August 27, 2012
Commentary: I'm so over oversharing at the office
Lately I’ve been hearing a lot about 20-somethings who are too eager to tell all at work. Whether they are recounting their drunken exploits or their external job searches, their tendency to provide too much information is leaving many managers scratching their heads.
A human resources manager for a manufacturing company told me that several young workers had asked her how many times they could be absent before she fired them. An HR manager at a health-care business was taken aback when an employee casually told him she was looking for a new job that should take six to eight months to land. And a senior manager, asking a direct report how he was doing, was treated to this: “Well, I haven’t had sex for five years, so I guess I’m not doing so good.”
Granted, as a card-carrying baby boomer, I have an opinion on this topic that might be more than a little skewed, but I honestly can’t recall a time when I’ve walked away from a conversation with someone of my generation or even a decade or two younger and thought, “Whoa, did you really say that?” Mostly I see this happening with young people who seem to have lost all sense of boundaries and decorum. Recently, however, I’ve heard a lot of professionals complain that the problem increasingly crosses generations.
One chief executive of a small company, upon congratulating her colleague on becoming a grandmother, received a blow-by-blow account of the daughter’s birthing ordeal, from the progressive state of the expanding cervix to processing the placenta.
So why are more and more people oversharing personal information?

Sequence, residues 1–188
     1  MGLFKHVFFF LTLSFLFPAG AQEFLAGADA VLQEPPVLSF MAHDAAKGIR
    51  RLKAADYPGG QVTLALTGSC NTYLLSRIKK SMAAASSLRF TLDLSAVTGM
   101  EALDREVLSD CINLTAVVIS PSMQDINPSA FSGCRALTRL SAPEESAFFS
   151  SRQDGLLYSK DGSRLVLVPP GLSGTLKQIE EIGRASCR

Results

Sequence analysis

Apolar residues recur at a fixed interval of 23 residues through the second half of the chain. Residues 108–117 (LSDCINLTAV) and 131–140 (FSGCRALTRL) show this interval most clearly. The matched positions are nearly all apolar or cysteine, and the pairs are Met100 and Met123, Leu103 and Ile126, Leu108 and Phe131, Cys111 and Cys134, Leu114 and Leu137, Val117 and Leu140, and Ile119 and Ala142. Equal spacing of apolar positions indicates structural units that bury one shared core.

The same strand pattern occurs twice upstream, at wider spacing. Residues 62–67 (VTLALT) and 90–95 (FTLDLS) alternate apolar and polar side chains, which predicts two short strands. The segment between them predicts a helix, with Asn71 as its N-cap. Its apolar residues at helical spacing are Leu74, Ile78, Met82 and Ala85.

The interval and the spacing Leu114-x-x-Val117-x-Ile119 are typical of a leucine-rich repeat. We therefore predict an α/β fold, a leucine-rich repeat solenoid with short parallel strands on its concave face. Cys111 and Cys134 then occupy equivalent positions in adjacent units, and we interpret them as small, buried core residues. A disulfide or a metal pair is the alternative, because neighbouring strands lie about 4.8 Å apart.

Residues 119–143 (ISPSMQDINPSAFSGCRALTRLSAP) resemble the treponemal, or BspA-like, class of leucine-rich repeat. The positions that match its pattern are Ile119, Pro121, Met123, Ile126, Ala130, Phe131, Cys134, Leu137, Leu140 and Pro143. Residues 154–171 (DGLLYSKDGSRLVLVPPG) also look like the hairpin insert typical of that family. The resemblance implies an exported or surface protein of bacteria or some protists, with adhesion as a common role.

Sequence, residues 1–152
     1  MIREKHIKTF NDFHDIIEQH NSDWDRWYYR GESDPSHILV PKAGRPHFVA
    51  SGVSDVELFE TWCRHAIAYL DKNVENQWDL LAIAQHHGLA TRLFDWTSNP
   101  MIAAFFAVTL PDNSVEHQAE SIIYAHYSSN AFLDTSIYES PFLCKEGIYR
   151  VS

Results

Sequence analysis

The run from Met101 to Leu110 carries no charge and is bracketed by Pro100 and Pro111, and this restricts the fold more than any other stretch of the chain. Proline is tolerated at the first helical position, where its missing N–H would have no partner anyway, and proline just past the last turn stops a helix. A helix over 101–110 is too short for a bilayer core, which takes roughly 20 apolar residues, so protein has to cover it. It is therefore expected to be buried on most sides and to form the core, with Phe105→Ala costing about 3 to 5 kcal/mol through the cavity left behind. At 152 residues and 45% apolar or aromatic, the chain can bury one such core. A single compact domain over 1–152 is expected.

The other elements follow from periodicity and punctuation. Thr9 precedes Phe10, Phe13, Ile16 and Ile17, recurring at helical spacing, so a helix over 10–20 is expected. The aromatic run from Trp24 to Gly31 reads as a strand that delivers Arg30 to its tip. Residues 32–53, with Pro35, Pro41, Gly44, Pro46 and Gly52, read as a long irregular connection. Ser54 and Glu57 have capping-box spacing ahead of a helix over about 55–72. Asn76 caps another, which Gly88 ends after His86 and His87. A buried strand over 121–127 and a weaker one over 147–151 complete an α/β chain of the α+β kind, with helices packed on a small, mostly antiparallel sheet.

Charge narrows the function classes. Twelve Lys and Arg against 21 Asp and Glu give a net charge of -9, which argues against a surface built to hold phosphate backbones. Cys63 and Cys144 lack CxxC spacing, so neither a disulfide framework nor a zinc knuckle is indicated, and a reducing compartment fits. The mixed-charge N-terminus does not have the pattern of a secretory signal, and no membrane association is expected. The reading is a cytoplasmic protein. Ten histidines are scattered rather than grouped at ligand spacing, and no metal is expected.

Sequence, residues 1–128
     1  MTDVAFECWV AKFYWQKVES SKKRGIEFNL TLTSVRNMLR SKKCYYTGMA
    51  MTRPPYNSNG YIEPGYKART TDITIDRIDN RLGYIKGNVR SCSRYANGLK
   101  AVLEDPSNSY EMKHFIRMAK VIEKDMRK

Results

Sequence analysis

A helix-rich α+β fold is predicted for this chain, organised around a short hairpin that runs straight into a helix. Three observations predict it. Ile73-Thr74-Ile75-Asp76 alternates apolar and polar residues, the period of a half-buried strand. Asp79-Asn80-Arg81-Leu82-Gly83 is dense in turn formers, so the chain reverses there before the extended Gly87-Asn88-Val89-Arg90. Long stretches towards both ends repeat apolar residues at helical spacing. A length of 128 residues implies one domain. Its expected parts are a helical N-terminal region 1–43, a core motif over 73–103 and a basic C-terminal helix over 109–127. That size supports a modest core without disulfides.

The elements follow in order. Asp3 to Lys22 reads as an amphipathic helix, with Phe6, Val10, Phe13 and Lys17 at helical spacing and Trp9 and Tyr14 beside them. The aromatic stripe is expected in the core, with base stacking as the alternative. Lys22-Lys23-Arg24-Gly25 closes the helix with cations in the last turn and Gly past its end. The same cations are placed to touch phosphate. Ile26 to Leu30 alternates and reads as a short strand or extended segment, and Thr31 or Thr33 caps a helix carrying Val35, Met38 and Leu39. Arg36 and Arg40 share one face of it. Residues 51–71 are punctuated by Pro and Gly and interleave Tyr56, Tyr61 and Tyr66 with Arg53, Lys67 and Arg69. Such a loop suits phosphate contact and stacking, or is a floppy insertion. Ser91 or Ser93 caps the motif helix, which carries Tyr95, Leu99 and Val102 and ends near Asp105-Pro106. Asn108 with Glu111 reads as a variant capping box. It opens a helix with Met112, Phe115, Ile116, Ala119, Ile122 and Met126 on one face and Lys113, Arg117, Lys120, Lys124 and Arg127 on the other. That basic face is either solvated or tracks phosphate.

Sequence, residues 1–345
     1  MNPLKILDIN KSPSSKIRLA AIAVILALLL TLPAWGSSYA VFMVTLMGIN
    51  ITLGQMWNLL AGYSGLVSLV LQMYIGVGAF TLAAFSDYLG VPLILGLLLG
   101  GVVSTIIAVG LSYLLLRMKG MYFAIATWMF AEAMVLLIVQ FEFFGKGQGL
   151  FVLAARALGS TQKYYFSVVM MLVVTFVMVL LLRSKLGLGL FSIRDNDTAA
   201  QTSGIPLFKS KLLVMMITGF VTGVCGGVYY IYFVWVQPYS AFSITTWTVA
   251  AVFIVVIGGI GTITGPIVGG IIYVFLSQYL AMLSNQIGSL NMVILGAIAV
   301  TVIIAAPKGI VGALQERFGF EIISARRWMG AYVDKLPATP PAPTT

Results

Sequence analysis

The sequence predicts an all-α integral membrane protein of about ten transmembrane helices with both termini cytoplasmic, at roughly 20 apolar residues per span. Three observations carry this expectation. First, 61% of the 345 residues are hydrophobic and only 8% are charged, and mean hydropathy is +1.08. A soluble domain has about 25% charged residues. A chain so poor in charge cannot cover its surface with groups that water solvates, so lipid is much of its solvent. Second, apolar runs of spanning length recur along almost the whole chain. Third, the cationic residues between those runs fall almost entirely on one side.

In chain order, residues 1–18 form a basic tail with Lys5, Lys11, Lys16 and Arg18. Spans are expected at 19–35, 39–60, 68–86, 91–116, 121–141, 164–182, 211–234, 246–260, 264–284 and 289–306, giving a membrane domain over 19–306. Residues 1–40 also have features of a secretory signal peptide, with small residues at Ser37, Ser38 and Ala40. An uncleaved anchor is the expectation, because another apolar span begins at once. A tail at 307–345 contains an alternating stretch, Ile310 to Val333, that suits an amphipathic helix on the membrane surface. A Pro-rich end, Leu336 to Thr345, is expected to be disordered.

One explanation is that it’s a continuation of online behavior, or, as I like to say, Facebook in your face. Social media have made it the norm to tell everybody everything. The problem is that people are forgetting where they are (at work, not a bar or a chat room) and whom they’re talking to (bosses, clients, colleagues and the public, not their buddies). And even if they know it’s inappropriate to share certain personal information in a business setting, they do it anyway because everyone else does. So they think it must be OK (it’s not), and they think that their boss and colleagues are really interested (they’re not).
Many people blame narcissistic baby-boomer parents for raising children with an overblown sense of worth, who believe that everything they say or think should be shared. When I told a British colleague that many Americans were starting to realize that they reveal way too much about themselves, he gave a full-throated laugh and said, “Finally!”
Others attribute the problem to people’s desperate need for connection. The workplace has become our second home, the place where we spend a majority of our waking hours, so we want to make it as comfortable as possible, which often leads to a lot of sharing. We forget that it’s necessary to maintain a certain level of professionalism.
I’m not saying we stop talking to one another about anything not related to work. I’m a big proponent of bringing the best parts of your personality into the workplace. Sharing some personal information is crucial to building trust and to forging relationships. It also makes working much more enjoyable.
But I think that some rules will help us control our OSD, or obsessive sharing disorder. Before you open your mouth about your personal life, ask yourself these questions:
-- Who’s listening to me (a boss, a client, a colleague or a friend)?
-- Why am I sharing this? What’s the point?
-- In this situation, would less be better?
-- Have I left my emotional baggage outside the door?
-- Does what I am sharing benefit my career or the quality of my work relationships?
You can’t tell me that bragging about your drinking binges to your colleagues or boss will improve your reputation or further your career. Nor can you convince me that my department functions better by knowing that you’re disgruntled and looking for a new job.
I don’t think I’m the exception here. Your 40-, 50- and even 60-year-old bosses -- and there are still many of them -- very likely feel the same way. Decency, common sense and just plain good manners will never go out of style. But, if they do, I hope I’m retired.
Peggy Klaus is an author, executive coach and leader of corporate training programs.
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